Prior to CI&T getting involved in this project, the early versions were web-based. The problem, however, was that the sites were unable to support the initiatives in certain countries. For example, the lack of access to computers was a major problem – one that slowed the level of adoption. Lack of mobility was another stumbling block. When field teams would try to demonstrate the program in remote locations, they needed something that was more mobile-friendly.
I should point that while the app created by CI&T was not Coca-Cola’s first digital tool for the 5by20 program, it does represent the latest solution to a range of challenges Coca-Cola faced when trying to bring this project to life on a global scale.
MTS: How does CI&T differ from some of the other digital consultancies and solution partners?
Bruno: We have always strived to be an end to end solutions partner to our clients and help them realize the vision of being able to accelerate the time-to-market of their ideas. We took one step closer to realizing this vision with the recent acquisition of a customer experience design and strategy agency called Comrade. Now we have strengthened the set of capabilities we offer clients, and our goal is to turn ideas into new digital experiences in less than 90 days. But I should point out that there’s a difference in our approach. Often, when consultancies integrate new agencies into their business, they simply begin offering a slew of a la carte services for clients to add to their shopping cart. We all know that simply adding new companies doesn’t automatically improve the learning cycle. Instead, we are totally integrating our processes to leverage Comrade’s thoughtful approach to design and strategy along with CI&T’s expertise in cultural transformation and technical deployment. In short, we’re uniquely positioned to support our customers in their own transformation.
MTS: What are some digital technology trends you see coming toward the end of this year and into 2018?
Bruno: Increasingly, companies are learning to appreciate the importance of design in building trust – a necessity if you intend on winning the hearts and minds of today’s consumers. For example, Brazil’s Nubank is turning its attention to a new generation of digital-savvy customers using visually appealing interfaces, fee transparency and friendly language that people actually use in their daily lives. In today’s fast-paced digital environment, it takes 0.05 seconds (or 50 milliseconds) for people to form an opinion about your website. No company can afford to lose the confidence of consumers because of poorly conceived design thats confusing and not user intuitive. While we see the capabilities of digital transformation for the end user, what is complex on the back end must translate into ease of use on the front end.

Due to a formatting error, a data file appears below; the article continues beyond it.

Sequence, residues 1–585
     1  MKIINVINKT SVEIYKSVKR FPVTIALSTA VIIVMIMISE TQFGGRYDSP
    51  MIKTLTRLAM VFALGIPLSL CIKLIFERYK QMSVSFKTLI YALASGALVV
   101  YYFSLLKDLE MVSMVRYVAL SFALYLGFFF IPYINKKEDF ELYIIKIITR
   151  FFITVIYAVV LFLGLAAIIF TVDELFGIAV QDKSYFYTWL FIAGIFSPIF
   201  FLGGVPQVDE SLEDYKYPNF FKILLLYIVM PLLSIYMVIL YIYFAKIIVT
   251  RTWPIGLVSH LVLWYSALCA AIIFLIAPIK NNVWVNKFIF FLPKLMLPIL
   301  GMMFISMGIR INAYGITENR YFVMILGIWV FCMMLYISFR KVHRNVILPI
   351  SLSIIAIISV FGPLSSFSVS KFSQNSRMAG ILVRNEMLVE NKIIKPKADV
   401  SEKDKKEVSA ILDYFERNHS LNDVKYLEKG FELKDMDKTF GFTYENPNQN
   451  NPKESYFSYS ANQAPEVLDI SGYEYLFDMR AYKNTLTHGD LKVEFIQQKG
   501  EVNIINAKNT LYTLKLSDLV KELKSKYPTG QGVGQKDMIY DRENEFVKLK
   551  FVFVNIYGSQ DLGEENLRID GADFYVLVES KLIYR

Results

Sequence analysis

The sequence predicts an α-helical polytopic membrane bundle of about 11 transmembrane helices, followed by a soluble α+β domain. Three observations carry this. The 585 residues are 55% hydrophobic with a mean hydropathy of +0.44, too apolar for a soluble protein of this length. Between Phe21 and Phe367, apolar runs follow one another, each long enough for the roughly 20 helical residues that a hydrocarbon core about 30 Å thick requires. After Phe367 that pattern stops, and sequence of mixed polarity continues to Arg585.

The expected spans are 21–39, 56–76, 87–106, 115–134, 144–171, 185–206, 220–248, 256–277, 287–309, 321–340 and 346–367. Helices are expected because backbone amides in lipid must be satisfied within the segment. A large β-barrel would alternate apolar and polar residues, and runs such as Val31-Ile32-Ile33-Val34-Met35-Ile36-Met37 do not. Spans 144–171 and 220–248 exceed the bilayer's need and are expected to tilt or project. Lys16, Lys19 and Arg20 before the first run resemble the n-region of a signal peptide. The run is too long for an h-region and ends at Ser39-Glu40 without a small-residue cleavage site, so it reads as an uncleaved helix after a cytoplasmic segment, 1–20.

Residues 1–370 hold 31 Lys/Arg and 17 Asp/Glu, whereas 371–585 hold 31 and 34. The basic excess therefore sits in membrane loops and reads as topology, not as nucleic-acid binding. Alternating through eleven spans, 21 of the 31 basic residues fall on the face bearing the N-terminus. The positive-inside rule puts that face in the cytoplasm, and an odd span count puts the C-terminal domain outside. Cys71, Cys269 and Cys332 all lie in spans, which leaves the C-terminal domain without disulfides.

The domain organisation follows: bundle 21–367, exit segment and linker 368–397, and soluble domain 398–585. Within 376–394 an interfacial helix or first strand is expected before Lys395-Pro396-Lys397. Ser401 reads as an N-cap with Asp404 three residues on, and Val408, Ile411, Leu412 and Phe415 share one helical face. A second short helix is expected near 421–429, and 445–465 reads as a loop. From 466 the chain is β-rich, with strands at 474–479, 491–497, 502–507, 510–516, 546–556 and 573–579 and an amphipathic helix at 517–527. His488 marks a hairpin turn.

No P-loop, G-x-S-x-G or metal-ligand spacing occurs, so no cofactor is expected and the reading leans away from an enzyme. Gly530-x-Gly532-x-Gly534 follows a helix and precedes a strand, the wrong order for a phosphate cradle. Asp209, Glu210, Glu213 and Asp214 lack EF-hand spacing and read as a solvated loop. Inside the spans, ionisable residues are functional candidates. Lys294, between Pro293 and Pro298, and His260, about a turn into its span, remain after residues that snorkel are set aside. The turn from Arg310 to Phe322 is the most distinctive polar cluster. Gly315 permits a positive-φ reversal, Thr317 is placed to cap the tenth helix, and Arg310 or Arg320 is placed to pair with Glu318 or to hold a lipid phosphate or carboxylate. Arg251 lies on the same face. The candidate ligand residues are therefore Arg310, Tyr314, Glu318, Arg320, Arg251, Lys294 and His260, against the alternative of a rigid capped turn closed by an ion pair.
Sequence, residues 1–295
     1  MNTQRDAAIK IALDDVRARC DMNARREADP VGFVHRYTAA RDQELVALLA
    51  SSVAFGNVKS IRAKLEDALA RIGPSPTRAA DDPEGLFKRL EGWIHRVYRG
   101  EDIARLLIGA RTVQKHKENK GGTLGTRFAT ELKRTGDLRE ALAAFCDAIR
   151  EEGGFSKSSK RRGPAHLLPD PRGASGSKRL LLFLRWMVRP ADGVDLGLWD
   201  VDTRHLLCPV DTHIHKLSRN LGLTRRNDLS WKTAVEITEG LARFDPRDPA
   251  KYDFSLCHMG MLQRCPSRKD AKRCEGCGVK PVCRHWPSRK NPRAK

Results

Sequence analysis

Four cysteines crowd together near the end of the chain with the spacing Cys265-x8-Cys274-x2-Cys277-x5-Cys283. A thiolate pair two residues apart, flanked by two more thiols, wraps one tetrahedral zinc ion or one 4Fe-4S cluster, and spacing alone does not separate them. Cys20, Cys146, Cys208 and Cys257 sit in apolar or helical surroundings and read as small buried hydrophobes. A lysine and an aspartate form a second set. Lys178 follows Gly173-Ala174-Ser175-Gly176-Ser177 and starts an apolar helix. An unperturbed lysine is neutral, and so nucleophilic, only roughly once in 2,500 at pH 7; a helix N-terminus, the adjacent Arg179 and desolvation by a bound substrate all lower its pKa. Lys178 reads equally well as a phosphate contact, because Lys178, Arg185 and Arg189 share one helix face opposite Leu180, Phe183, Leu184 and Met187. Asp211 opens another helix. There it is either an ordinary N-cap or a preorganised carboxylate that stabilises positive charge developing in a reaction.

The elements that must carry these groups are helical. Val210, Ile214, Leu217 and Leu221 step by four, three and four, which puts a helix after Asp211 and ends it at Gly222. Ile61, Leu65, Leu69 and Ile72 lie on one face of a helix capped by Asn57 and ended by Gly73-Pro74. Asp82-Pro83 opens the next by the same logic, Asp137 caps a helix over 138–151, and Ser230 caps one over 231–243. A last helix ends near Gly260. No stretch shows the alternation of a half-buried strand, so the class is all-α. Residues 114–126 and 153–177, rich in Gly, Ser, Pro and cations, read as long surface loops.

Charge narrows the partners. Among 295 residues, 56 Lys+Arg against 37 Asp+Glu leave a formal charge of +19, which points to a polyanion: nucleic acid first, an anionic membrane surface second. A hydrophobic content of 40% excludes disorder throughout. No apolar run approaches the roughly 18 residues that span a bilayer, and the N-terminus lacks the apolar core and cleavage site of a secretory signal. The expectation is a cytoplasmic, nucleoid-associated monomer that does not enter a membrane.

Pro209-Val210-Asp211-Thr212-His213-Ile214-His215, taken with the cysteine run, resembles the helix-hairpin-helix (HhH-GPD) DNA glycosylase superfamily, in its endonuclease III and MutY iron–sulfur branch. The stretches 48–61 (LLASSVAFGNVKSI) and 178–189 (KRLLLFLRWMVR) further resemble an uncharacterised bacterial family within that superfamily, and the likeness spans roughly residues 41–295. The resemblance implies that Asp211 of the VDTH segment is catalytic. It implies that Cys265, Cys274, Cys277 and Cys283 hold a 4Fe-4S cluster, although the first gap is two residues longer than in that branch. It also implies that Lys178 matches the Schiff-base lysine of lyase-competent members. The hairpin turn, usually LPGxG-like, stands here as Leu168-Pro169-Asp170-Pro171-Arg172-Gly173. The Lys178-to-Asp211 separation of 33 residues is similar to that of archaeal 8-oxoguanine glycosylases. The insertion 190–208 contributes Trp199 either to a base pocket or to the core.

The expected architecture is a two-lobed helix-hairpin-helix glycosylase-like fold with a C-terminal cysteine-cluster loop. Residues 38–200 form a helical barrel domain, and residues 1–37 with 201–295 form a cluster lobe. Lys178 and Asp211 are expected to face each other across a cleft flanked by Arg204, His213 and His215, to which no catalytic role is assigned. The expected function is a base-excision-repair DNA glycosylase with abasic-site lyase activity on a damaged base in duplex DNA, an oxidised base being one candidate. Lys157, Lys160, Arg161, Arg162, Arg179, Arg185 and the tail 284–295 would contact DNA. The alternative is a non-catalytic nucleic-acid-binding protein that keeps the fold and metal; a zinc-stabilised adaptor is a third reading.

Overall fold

MTS: Many say the role of CIO and CMO are merging? Do you agree and if so why is this happening and how can both CIOs and CMOs adapt to stay afloat?
Bruno: Gone are the days where a brand’s perception was controlled solely by the CMO, the days of “perception is reality”. In the brutally transparent world of today with bi-directional communication, “reality is perception”. In this scenario, there are a much great number of things a brand must “do” (and not only “say”) to nurture the desired perception. And this obviously leads to a enormous amount of overlapping with the teams that are responsible for building those customer interactions. Our most successful customers are the ones that are directing their energy away from turf wars to learn to work more collaboratively. With more autonomous and multidisciplinary teams chasing shared high-level business goals, instead of their own local/departmental goals.
MTS: You recently acquired Comrade out of SF? What was the strategy there and how will this expand your capabilities using design thinking, and lean methodologies leveraging advanced technologies?
Bruno: We’re thrilled to have Comrade join the CI&T family and we look forward to providing clients with a totally integrated experience. More specifically, we can leverage Comrade’s design thinking expertise to identify which are the right problems to solve. This also enables us to apply our expertise in Lean Digital methodologies to bring ideas to market quickly and at scale. On a strategic level, Comrade also helps us expand the field in terms of companies with whom we work. Over the years, they’ve worked with organizations in every sector from financial services and retail to consumer goods and life sciences.
MTS: Thanks for chatting with us, Bruno.